So I’ve written a lot of words here, and it may still be unclear what my overall opinion of Blanc is. Let me say it now: I’m just a giant smartass and I really like this place. The food pretty much rules although it is very rich, very filling and on the salty side. The service has always been good and although the clientele can be sort of douchey, the waitstaff are pretty laid back. And their lunch special is surprisingly affordable: any burger and any side for $8.

Read more:

Blanc Burgers + Bottles on Urbanspoon


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Burrito Bros.: City Market

 Posted by at 6:07 am
Mar 032009

While I like Burrito Bros., I honestly don’t understand the success of chains like Chipotle, Qdoba, Pancheros and their ilk. It’s like a festival of blandness; the meat never tastes like much, the salsas are always disappointing, and everything comes on a damn flour tortilla. Not to mention the fact that real Mexican restaurants do this stuff way better for the same price. It just seems like a cheap way to deliver a shit-ton of food into your system. Of course, midwesterners love it.

Burritos also have this college studenty, dumbass vibe that I really don’t care for. To be more precise, burritos are like wraps for hippies.

So naturally I put off going to Burrito Bros. for a while even though response around town has been quite positive. I just don’t understand the great appeal of the concept.

Indeed comparisons to Chipotle abound, and it makes sense. The menu at Burrito Bros. is similar in its Mexican-inflected simplicity to the increasingly ubiquitous fast food powerhouse.

Burrito Bros. is located on the west side of the market complex. I’m trying to remember what previously occupied the space? Was it perhaps a weird gift/souvenir shop? Somebody refresh my memory here. Anyhow, the space is pleasant enough with an organge-ish interior and a few tables. Here is a terrible photo of the menu board.

Burrito Bros.

They have burritos, tacos, quesadillas, taco salads and that’s about all. They toss in a nice handful of chips with every order. Everything has good, if not overpowering flavor. The pico cuts through nicely and is highly acidic. I enjoyed the carnitas burrito on my last visit. It was large, easily enough food for one person and then some. I didn’t finish the whole thing, and I am kind of a pig.

Burrito Bros.

So in a word, it’s good. It is exactly what you would expect in terms of food and flavor. If you like Chipotle, you will like this. Moreover it is locally owned and a thousand times more worthy of your business.

Burrito Bros.

This is the epitome of a small, family run joint. These guys are taking the restaurant very seriously, but they are also having a good time. They are planning some more signage for the exterior, and perhaps some outdoor seating for the warmer months. I say “perhaps” because I was eavesropping and didn’t get all the details. Burrito Bros. also has a Twitter account, a nice developing trend; I like knowing that you can connect with the business in that manner if you want. They also shot a video for youtube on their opening day back in October 2008. Unfortunately the shaky cam and overly loud Brazilian(?) soundtrack make it virtually unwatchable, but I appreciate the effort.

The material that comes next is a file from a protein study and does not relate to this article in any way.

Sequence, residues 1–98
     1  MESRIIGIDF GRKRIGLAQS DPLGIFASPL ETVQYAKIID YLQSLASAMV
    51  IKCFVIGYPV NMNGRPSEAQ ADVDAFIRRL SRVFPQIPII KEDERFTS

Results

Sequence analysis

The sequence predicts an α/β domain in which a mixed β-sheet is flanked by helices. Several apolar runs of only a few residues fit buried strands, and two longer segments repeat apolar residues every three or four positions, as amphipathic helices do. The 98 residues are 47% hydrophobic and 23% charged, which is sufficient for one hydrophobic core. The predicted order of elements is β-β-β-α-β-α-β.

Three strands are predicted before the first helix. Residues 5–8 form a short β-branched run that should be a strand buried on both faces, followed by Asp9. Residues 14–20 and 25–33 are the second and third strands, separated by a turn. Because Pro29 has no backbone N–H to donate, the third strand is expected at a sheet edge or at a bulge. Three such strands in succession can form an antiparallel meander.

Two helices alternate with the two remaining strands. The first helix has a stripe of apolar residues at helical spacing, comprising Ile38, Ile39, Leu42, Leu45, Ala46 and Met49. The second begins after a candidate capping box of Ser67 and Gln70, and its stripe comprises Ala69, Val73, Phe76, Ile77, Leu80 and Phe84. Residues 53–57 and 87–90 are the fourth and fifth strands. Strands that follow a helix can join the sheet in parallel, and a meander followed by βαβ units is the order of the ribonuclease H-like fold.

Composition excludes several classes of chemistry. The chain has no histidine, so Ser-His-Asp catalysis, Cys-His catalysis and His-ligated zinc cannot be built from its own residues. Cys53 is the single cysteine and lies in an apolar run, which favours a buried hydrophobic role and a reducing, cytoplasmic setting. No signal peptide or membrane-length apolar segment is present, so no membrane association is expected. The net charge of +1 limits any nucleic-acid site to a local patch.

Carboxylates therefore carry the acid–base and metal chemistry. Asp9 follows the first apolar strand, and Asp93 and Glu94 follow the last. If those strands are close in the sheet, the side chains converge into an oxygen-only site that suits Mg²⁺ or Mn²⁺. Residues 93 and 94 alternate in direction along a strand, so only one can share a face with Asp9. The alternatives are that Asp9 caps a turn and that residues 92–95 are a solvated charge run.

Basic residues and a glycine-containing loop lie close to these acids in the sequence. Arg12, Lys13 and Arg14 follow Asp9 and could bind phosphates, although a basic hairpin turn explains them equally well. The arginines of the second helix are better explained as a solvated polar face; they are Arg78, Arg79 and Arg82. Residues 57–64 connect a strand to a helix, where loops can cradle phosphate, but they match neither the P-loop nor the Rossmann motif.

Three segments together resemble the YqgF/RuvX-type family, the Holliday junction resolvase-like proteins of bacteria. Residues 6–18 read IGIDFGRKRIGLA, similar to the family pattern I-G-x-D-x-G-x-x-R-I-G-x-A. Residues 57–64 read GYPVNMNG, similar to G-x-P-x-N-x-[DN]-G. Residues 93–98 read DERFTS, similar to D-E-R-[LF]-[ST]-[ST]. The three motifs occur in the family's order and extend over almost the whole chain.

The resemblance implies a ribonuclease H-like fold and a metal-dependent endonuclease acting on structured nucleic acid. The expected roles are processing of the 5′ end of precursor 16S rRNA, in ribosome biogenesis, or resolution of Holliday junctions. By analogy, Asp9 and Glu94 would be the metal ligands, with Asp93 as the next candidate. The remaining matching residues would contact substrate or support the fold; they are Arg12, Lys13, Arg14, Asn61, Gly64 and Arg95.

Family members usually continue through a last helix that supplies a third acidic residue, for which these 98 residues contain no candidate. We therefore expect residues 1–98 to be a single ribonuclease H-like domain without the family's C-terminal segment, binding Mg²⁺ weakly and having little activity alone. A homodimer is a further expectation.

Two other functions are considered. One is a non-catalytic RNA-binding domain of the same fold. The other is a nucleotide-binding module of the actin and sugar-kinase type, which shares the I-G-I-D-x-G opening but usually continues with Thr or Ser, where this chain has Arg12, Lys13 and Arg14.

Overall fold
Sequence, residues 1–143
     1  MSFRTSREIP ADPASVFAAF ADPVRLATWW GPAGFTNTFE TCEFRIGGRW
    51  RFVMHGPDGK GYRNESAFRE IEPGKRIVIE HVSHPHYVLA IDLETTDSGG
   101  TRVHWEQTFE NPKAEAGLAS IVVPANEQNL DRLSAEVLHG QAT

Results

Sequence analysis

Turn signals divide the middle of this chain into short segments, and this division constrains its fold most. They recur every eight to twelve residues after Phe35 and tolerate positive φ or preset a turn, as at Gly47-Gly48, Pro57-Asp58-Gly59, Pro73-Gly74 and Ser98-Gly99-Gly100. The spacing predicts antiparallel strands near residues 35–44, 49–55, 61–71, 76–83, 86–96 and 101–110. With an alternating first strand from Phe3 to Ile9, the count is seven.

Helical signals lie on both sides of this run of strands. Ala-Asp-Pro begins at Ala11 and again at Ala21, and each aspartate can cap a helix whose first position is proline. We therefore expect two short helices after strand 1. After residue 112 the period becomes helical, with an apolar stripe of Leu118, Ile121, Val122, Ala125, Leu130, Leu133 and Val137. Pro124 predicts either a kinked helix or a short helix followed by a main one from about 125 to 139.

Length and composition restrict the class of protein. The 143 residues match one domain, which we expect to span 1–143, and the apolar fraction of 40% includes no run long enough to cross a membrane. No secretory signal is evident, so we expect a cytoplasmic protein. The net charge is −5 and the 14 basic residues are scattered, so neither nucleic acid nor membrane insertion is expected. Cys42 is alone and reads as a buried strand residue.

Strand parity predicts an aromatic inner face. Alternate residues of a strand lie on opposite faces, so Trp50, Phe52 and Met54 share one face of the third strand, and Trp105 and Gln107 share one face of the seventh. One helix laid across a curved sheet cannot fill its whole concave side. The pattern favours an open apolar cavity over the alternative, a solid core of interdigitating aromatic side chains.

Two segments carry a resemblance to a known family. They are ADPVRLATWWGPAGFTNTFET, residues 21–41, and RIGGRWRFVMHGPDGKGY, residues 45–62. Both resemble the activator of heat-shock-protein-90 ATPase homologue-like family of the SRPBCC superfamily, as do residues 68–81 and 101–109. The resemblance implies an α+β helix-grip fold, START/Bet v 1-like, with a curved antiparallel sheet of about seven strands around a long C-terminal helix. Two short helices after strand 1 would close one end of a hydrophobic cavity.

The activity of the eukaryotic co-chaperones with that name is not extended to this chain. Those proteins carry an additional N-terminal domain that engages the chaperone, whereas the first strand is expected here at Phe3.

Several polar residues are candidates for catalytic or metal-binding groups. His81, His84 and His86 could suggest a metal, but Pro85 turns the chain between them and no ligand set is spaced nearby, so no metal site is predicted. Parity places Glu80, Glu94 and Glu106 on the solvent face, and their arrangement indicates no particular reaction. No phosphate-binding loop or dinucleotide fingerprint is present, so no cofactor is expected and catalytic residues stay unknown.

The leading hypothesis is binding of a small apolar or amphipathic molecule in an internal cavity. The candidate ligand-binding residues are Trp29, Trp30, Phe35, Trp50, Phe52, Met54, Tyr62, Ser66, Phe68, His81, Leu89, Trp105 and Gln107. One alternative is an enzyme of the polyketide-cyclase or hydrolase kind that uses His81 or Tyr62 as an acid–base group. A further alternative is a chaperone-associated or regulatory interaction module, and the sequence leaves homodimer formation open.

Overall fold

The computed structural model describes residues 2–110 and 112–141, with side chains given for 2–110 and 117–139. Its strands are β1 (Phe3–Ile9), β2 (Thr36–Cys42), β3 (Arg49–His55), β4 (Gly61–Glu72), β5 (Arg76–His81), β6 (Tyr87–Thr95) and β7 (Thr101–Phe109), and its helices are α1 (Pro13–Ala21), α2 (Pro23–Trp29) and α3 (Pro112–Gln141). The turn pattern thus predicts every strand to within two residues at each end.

However like any small business owners I think you can see a little fear in their eyes. Will this venture work out? Frankly I’d be scared shitless given all the decent local restaurants that have gone out of business recently.

But Burrito Bros. has reason to be hopeful. The menu is small and items share a lot of the same ingredients. That means a smaller world of ingredients to purchase, store and prepare. The hours are limited to lunch time right now. Being open 11-3pm is not ideal for the long term, but it certainly keeps them from having to pay someone to stand there all night without any business. The traffic they get from the market should be substantial when warmer climes come around. They were smart to open early and take a while to figure things out before it’s showtime this summer.

According to their website the owners also use other City Market vendors to procure a lot of their produce and foodstuffs. Considering the number of people who work in the Market, I’m sure they are generating plenty of good will that should result in more burrito sales. Lastly, these are really nice people. They talk to everyone who comes into the place and I genuinely believe that they want to serve good food and make their customers happy.

Oh, and this guy really likes their guacamole:

My only real complaint? Styrofoam cups. It’s amazing how prevalent they are in this day and age, but let’s wait until they start making a buck or two before pressuring them to change to a more environmentally conscious product.

Read more:


Burrito Bros. on Urbanspoon

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South OP in brief: Two Asian spots

 Posted by at 6:29 am
Feb 262009

Not long ago I had occasion to spend a few days in southern Overland Park, a locale that I am largely unfamiliar with in terms of lunching options. Fortunately I was able to eat at two very serviceable Asian restaurants, both of them small, informal, locally owned and pretty tasty.